If you lose income, (past and future) as a result of a workplace injury, you may lodge a claim for modified common law damages. Also known as a “work injury damages” claim, it may provide compensation for your loss of income.
Damages is the term used to describe a sum of money that may be awarded "to compensate for the loss, harm or injury suffered".
In New South Wales, most workers are limited to claiming past loss of earnings and future loss of earning capacity only, therefore they are referred to as modified damages.
claim for work injury damages
To claim work injury damages, you need to meet the following criteria:
- your work injury must be the result of the negligence of your employer
- you must have at least 15 per cent permanent impairment as assessed by a specialist trained in the use of the NSW workers compensation guidelines for the evaluation of permanent impairment
- at least six months have passed since the injury was reported to your employer, as Court proceedings can only start then
- proceedings must start within three years of the date of injury, unless the worker has leave of the Court, and
- you must have received all statutory lump sum entitlements for permanent impairment to which you are entitled before a work injury damages claim can be settled.
Things to remember:
A work injury damages settlement cancels all further entitlements to workers compensation benefits including weekly payments, medical, hospital and rehabilitation expenses in respect of that injury.
The amount of weekly compensation already paid to you must be paid back from the settlement amount agreed or awarded. The amount of damages can also be reduced if your own negligence contributed to the injury.
It is common for work injury damages matters to settle 'inclusive of costs'. In practical terms, this means that if you enter into an individual costs agreement with your solicitor (most work injury damages matters in NSW do proceed on this basis), then these legal costs are deducted from your settlement amount.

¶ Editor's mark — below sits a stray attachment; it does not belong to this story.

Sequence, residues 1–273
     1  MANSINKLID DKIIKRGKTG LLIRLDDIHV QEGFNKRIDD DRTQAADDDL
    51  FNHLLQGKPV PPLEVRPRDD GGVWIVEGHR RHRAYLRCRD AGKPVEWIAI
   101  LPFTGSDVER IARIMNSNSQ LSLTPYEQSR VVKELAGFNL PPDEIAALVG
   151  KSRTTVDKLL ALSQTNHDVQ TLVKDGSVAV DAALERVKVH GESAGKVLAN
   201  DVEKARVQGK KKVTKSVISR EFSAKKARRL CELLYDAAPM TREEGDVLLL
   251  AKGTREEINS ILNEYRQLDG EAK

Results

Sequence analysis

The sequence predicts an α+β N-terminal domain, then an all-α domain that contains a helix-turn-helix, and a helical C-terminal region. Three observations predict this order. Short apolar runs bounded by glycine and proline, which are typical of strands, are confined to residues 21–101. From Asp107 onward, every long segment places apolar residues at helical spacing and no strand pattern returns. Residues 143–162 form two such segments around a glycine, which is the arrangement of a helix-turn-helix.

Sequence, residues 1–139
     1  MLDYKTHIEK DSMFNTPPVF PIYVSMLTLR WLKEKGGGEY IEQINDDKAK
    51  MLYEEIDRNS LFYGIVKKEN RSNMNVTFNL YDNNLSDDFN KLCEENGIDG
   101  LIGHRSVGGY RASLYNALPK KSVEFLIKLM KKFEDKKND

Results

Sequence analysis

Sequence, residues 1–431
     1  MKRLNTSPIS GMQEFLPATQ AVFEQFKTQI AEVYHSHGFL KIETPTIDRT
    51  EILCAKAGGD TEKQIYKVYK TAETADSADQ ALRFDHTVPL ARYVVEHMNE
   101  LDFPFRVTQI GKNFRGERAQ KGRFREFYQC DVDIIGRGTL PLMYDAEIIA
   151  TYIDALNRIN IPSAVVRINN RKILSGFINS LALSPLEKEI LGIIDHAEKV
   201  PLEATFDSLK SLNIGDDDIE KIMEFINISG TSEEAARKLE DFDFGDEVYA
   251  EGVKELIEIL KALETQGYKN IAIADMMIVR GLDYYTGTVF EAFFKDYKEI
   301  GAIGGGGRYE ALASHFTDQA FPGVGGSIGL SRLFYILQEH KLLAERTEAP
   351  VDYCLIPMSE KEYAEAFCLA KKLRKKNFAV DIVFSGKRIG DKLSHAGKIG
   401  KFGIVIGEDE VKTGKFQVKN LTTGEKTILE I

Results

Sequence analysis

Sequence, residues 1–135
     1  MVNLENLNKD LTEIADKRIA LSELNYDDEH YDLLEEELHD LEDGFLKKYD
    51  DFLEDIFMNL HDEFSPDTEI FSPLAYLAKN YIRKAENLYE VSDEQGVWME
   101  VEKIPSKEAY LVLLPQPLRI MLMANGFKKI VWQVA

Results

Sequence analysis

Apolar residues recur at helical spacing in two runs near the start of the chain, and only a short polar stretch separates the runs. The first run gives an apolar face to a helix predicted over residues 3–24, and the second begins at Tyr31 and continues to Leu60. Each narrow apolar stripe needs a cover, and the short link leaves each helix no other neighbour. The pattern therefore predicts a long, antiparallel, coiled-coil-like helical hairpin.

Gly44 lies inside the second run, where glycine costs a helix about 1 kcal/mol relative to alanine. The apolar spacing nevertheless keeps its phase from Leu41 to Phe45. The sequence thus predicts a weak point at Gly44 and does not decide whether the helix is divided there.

process for a work injury damages claim
Before you can start mediation or court proceedings for work injury damages, you must serve a pre-filing statement setting out the particulars of the claim and the evidence you will rely on to establish or support the claim on your employer or insurer.
In most cases, the claim must be referred for mediation in the Workers Compensation Commission (WCC) before starting court proceedings.
The WCC attempts to mediate and reach settlement through discussion with all parties. If an agreement cannot be reached, work injury damages claims are most commonly heard in the District Court.
If a work injury damages claim is not successful, you can continue to receive workers compensation under the statutory scheme, but you’re likely to be liable for court costs incurred during the work injury damages claim.
If you think you may be eligible to lodge a work injury damages claim and would like to proceed, you should first seek independent legal advice.
If you’re unsure of how to locate a suitable legal representative, you can contact:
- the Law Society, or
- the Workers Compensation Independent Review Officer which has a list of approved legal service providers.
workers compensation independent review officer
If at any stage you’re dissatisfied with the management of your injury, you can contact the Workers Compensation Independent Review Officer (WIRO) on 13 94 76.
The Workers Compensation Independent Review Officer fact sheet contains general information about workers compensation entitlements and procedures. This fact sheet is not a detailed explanation of the law as it applies to claims made by individual workers.